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Western Europe / Italy

The state of play: FDI in Italy

Italy is an FDI powerhouse in more normal times, but a slowing of foreign investment inflows in 2019 is being followed by the Covid-19 pandemic and an even more worrying 2020.

italy-manufacturing-fdi
Employees at Celine’s new factory in Tuscany. Italy is a manufacturing hub within Europe, which has helped to boost its FDI stocks over the years. However, the country’s allure to foreign investors seemed to be dimming even before Covid-19 hit. (Photo by Miguel Medina/AFP via Getty Images)

In April 2020, Italy’s central bank, Banca d’Italia, published its latest figures for foreign direct investment (FDI) in and out of the country as of February 2020. Compared with December 2019, both FDI inflows and outflows increased in February, right before the Covid-19 outbreak paralysed the country.

While Banca d’Italia is yet to release the latest FDI figures, Italy had already ended 2019 with a lower level of inbound FDI when compared with 2018, and the pandemic has made the government take a stricter approach to FDI screening.

Banca d’Italia reports that in February outward FDI increased by €4.6bn compared with the previous month, while inward FDI totalled €3.8bn, also an increase from the end of 2019.

The main sources of inward FDI are from France, the US, the UK and Germany. The investments are directed mainly to the manufacturing sector, wholesale and retail trade, professional services, and financial and insurance activities, according to Banca d’Italia.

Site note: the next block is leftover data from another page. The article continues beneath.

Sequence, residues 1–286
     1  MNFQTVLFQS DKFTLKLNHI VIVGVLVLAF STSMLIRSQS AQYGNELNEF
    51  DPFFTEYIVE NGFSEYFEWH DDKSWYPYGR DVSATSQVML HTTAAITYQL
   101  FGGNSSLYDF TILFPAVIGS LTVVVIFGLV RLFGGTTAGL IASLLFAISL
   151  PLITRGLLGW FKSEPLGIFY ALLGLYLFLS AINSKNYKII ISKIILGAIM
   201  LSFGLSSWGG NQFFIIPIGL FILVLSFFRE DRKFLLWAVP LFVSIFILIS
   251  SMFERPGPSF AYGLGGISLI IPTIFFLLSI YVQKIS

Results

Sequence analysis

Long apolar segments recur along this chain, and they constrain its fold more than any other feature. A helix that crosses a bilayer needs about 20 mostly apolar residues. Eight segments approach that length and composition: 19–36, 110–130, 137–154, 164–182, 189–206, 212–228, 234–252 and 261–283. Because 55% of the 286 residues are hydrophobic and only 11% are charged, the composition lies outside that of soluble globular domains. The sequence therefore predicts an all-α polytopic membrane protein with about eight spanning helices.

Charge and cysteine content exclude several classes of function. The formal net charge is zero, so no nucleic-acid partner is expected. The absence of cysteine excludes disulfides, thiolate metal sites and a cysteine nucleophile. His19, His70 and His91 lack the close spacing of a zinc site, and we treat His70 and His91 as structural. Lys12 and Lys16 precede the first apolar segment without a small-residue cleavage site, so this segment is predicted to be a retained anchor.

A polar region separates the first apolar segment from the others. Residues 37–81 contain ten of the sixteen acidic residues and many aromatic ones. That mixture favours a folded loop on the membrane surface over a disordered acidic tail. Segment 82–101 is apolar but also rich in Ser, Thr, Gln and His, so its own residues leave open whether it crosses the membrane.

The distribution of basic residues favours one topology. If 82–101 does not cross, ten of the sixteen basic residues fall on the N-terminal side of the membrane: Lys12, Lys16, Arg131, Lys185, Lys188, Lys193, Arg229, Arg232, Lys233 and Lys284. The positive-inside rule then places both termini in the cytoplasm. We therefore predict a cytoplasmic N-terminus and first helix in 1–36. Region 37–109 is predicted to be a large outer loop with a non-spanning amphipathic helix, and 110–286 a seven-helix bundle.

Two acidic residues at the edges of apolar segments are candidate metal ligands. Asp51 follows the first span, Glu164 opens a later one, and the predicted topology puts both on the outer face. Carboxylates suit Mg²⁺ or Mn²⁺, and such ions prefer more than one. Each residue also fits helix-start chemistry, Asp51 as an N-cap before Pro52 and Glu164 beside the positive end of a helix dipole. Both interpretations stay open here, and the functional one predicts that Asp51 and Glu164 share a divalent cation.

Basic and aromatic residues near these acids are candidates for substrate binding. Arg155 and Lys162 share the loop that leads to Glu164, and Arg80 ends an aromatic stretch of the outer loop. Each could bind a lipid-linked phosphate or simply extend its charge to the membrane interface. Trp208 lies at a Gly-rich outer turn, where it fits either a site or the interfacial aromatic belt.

A declining rate of FDI into Italy

According to the UN Conference on Trade and Development (UNCTAD) World Investment Report 2020, FDI inflows into Italy stood at $27bn at the end of 2019, down from $33bn at the end of 2018. This ranks Italy 15th globally.

In the wake of the Covid-19 pandemic, the Italian government extended the so-called Golden Power Decree to restrict and monitor FDI into certain sectors, such as finance, credit and insurance, as well as categories such as critical infrastructure; sensitive facilities; supply of critical inputs, critical technologies and dual-use items; food security; media freedom and pluralism; and access to sensitive information.

The extended decree also covers acquisitions of controlling interests and assets by EU entities within the energy, transportation and communications sectors, and acquisitions by non-EU entities representing 10% or more of share capital, where the investment value exceeds €1m, as well as any subsequent acquisition exceeding 15%, 20%, 25% and 50% in companies owning assets with strategic relevance within the energy, transportation and communications sectors.